A City's Best Defense Against Climate Change? Its Trees, Wetlands, and Watersheds
Faced with aging infrastructure and extreme weather, mayors of American cities are moving to reconnect urban areas with nature to protect drinking water, coastlines, and air quality as climate change accelerates.
When a city incorporates natural infrastructure into its planning, it turns to living assets such as urban trees, wetlands, and watersheds to reduce pollutants and provide protection from storms and hurricanes. So effective is the strategy that the United States Conference of Mayors on Monday approved a resolution that encourages its 1,400 members to start building green bulwarks against climate change.
Philadelphia, for instance, already is using green infrastructure to manage its storm water challenges. Runoff from the city’s streets, parking lots, roofs, and playgrounds once triggered sewer overflows that inundated waterways with pathogens, debris, and other pollutants, and made rivers unsafe for swimming and boating after storms. The storm water also eroded riverbanks, uprooting vegetation and sending sediment into pools and to the bottom of streams, upsetting the habitat for fish and bugs.
The city has designed and constructed several blocks of porous streets and basketball courts made of permeable paving material that lets water pass through the surface to an underground stone reservoir before entering the soil—never becoming runoff. It also has trenches, planters, street bump-outs, rain gardens, and other natural features that have land acting like a sponge to slow down the flow of rainwater into the waterways and keep storm water out of the sewers.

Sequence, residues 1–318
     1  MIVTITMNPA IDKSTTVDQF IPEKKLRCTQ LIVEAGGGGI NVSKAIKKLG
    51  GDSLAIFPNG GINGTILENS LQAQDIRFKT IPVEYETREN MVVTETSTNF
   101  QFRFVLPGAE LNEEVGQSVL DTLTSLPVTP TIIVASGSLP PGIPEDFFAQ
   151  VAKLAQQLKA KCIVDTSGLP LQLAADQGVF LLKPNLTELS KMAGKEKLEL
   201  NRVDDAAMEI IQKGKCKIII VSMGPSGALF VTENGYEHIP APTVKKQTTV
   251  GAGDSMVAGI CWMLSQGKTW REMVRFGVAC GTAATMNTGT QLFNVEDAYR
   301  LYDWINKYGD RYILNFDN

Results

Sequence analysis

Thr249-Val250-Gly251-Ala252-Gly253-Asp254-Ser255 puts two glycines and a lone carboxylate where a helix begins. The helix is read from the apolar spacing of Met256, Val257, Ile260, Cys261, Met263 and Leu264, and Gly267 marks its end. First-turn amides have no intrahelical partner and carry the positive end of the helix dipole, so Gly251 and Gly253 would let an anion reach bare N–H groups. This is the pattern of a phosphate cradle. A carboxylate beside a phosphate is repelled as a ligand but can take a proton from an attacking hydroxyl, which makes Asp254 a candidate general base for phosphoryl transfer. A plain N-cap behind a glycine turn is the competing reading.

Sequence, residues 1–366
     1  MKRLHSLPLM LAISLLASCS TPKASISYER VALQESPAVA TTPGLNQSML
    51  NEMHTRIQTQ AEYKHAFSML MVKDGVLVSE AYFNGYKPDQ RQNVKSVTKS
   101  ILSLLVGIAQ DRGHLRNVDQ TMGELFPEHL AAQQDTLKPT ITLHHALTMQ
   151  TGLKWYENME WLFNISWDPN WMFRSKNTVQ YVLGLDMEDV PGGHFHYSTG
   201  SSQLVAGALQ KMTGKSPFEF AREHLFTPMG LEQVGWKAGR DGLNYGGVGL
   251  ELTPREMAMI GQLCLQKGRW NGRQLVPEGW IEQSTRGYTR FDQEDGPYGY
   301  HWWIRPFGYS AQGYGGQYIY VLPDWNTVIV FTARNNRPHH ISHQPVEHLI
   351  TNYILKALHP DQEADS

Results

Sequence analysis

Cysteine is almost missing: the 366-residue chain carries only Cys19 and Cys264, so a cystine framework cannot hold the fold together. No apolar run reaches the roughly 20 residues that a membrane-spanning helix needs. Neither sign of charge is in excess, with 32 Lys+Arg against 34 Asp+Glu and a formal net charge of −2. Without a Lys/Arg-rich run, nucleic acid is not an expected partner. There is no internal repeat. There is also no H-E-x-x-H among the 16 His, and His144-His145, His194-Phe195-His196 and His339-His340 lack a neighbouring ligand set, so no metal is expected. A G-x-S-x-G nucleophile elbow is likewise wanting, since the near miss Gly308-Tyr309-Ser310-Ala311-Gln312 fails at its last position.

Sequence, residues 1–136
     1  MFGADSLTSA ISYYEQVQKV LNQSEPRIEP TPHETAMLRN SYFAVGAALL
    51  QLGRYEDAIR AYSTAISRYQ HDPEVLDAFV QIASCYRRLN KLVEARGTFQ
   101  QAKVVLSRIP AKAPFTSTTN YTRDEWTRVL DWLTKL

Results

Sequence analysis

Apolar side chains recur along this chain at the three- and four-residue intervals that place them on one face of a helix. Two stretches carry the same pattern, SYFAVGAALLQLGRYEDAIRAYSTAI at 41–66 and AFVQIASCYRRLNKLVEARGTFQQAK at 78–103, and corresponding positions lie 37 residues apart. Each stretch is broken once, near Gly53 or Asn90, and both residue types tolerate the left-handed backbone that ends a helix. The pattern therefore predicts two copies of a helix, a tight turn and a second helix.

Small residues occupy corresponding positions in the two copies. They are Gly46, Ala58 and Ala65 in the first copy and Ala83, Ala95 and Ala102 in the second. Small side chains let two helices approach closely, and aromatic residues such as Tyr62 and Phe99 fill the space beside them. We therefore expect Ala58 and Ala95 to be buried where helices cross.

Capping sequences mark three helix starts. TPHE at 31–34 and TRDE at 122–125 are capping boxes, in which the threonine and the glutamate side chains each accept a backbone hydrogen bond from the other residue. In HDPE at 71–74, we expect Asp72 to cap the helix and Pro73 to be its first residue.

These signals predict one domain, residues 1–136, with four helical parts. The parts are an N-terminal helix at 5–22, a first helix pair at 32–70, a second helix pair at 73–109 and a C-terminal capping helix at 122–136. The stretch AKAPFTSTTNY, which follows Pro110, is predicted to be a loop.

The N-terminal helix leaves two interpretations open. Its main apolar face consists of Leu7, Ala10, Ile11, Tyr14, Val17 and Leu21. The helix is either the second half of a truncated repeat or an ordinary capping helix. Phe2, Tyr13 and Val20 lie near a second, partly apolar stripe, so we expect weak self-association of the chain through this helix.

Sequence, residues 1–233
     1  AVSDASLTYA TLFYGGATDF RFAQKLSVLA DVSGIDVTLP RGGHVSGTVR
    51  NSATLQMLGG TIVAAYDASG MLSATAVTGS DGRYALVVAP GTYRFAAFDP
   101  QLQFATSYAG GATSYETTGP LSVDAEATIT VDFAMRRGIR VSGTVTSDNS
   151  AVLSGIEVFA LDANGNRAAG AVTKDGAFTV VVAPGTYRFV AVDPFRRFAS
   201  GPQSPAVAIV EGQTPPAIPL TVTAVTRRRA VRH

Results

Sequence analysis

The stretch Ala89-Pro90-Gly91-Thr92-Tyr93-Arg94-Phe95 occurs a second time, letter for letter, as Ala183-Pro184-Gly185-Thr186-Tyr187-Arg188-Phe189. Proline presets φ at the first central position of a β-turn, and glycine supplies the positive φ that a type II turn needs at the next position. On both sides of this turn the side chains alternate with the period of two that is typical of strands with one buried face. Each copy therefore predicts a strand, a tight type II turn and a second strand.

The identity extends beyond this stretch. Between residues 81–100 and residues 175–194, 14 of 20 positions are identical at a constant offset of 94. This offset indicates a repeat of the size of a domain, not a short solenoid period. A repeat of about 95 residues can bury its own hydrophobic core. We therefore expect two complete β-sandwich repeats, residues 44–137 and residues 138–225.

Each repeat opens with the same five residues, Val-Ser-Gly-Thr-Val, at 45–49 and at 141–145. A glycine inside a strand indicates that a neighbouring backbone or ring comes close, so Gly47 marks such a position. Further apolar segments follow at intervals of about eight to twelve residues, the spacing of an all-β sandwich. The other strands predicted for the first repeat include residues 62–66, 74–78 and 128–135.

New York and San Jose are among the other cities with green infrastructure plans in place. Washington, D.C., is considering a $90 million Clean Rivers Project, which would eliminate concrete tunnels in areas where wastewater and storm water share a drainage system. The tunnels would be replaced by plant-filled drainage areas, rain gardens, cisterns, and green roofs to capture, slow down, and clean the storm water before it enters the sewer system.
“The Clean Rivers Project plan leverages the strengths of both the gray and the green,” said Bethany Bezak, the D.C. Water and Sewer Authority’s green infrastructure project manager.
More than 80 percent of Americans live in cities, and half live in a coastal watershed. Yet the infrastructure we rely on to funnel clean water to our taps, keep sewage out of rivers and lakes, and protect coastlines is under strain. U.S. cities need to spend $3.6 trillion on upgrading roads, levees, and water mains, according to the American Society of Civil Engineers, which last year delivered a D+ grade to the country’s infrastructure.
Green infrastructure can make cities more resilient to the impact of climate change. The additional green space can help lower urban air temperatures and improve air quality. “Green infrastructure can manage storm water at the source rather than having us collect it and manage it downstream,” said Bezak.
“In some cases green infrastructure might not save money, but it can add value to a project,” said Laura Huffman, state director of The Nature Conservancy in Texas. “For the same amount of money, you might be able to solve an important infrastructure problem but also protect or clean up a river, or create an open space that citizens value.”